The design and synthesis of artificial materials, mimicking sophisticated and complex natural system, have been fundamental challenges in synthetic and biological field. Foldamers are considered promising artificial molecular frameworks that mimic the secondary structures of biological components. In light of the marvelous functional complexity and morphologies from tertiary and quaternary protein structures, foldamer-based higher-order architectures would also exhibit numerous functions and structural diversity. Importantly, structural differences between foldamers and biopolymers suggest that foldamer-based higher-order architectures carry topologies and functions unprecedented in nature. Foldamer-based higher-order architectures with various morphologies and scales have been reported in recent decades. Three-dimensional (3D) molecular architectures from self-assembly of peptide foldamers, termed foldectures, are one of the distinctive biomimetic materials. Their unique morphologies and well-defined interior and exterior structures imply that foldectures could be promising functional materials rivaling 3D biological architecture such as viral capsids. If one can display functional groups with spatial periodicity on the certain surface of the well-defined framework, this “surface-functionalized foldecture” would be a core material that further expands to advanced materials.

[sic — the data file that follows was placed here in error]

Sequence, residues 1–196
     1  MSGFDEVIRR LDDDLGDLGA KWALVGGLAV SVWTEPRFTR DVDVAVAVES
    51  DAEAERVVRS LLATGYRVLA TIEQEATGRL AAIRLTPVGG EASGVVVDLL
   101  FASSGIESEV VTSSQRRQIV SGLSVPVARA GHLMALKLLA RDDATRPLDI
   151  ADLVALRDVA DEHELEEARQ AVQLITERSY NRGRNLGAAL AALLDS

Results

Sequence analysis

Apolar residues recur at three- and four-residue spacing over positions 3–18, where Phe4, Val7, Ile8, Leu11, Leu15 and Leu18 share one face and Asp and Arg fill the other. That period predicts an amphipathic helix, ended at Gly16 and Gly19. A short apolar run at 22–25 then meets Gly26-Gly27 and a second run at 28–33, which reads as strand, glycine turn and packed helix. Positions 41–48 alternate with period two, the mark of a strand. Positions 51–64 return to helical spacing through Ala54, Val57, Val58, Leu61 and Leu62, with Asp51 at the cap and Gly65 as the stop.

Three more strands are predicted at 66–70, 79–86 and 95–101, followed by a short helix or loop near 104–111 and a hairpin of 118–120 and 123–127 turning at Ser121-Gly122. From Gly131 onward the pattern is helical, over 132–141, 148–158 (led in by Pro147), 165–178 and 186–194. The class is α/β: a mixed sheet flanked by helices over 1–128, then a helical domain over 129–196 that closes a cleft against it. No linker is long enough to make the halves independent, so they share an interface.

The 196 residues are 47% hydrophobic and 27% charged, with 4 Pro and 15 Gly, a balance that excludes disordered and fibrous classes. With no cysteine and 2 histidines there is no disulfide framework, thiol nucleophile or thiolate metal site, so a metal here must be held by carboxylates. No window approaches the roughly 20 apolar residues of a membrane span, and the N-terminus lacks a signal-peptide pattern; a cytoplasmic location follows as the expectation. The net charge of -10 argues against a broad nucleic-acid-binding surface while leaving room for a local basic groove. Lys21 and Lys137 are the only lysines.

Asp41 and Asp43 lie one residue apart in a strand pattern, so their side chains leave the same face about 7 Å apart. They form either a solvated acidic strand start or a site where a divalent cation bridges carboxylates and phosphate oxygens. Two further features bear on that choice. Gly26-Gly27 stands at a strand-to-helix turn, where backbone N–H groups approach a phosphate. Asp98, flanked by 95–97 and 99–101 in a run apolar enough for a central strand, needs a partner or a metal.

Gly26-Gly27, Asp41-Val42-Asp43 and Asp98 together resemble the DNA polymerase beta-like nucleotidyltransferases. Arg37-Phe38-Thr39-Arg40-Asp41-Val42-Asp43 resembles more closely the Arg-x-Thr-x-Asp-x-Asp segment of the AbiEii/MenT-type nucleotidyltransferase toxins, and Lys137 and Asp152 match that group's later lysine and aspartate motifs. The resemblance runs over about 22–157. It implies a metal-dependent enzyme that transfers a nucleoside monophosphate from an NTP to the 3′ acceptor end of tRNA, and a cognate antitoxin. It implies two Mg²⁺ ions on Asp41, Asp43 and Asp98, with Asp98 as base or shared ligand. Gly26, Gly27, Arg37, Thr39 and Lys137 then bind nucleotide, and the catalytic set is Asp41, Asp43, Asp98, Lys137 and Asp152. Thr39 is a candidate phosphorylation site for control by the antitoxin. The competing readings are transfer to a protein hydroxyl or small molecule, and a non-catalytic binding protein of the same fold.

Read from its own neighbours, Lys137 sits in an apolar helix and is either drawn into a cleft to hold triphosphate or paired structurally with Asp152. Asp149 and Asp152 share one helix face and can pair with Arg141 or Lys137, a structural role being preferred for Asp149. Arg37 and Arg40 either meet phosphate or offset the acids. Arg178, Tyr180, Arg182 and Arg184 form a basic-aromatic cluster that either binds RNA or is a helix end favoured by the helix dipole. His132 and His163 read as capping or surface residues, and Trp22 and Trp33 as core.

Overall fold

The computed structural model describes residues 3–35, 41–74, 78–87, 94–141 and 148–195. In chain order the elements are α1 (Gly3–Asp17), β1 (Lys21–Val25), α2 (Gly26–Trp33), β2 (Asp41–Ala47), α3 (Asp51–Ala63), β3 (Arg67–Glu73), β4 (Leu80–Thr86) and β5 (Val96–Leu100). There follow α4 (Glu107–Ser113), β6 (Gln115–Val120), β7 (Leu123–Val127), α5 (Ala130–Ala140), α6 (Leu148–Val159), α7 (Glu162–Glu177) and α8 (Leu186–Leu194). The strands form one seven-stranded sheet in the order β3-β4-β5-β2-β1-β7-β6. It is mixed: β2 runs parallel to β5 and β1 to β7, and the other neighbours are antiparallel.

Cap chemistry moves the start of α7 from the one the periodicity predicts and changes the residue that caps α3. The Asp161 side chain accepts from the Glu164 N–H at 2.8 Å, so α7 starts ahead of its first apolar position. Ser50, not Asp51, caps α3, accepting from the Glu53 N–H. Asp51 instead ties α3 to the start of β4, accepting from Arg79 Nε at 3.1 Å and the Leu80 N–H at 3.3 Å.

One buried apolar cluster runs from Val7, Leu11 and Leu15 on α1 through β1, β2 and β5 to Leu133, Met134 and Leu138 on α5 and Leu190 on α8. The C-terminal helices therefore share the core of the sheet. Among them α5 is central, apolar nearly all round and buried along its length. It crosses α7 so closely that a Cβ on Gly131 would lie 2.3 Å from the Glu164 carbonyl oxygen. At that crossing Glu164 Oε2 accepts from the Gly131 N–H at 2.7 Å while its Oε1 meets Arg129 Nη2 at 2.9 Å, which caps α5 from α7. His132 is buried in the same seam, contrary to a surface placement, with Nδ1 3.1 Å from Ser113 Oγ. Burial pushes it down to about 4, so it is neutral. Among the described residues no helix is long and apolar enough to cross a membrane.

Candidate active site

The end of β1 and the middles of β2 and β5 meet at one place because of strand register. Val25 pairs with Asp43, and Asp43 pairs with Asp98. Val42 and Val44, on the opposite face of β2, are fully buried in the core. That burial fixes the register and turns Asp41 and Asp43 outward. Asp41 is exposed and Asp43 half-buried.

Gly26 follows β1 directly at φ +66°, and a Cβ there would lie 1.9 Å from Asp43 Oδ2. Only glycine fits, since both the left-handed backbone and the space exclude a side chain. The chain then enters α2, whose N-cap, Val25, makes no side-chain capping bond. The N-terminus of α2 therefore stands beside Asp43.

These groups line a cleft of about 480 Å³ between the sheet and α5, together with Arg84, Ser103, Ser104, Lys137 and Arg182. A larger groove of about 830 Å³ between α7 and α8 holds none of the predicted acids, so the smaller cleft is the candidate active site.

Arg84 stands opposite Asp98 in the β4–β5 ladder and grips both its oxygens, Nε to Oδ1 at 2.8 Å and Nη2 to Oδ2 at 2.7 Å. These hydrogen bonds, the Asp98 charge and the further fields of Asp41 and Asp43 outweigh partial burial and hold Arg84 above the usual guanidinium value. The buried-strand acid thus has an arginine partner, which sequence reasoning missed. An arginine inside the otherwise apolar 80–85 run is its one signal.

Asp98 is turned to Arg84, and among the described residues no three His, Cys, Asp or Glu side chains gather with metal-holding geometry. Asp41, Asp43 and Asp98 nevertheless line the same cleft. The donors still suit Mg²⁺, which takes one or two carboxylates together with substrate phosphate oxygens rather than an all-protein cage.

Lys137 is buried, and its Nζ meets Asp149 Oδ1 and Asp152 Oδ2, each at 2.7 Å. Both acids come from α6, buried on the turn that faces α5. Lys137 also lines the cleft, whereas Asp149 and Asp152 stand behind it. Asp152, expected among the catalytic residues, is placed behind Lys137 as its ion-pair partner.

Herein foldectures with anisotropic surface characteristics that can potentially serve as a well-defined catalytic template were reported. Rhombic rod shaped foldectures with six facets were obtained by the aqueous self-assembly of helical $\beta$ -peptide foldamers with a C-terminal carboxylic acid. An analysis of the molecular packing by X-ray diffraction revealed that carboxylic acid groups were exposed exclusively on the two (001) rhombic facets due to antiparallel packing of the helical peptides. A surface energy calculation by molecular dynamics simulation was performed to provide a plausible explanation for the development of anisotropy during foldecture formation. The expected facet-selective surface properties of the foldecture were experimentally confirmed by selective deposition of metal nanoparticles on the (001) facets, leading to a new class of sequentially constructed, heterogeneous “foldecture core” materials.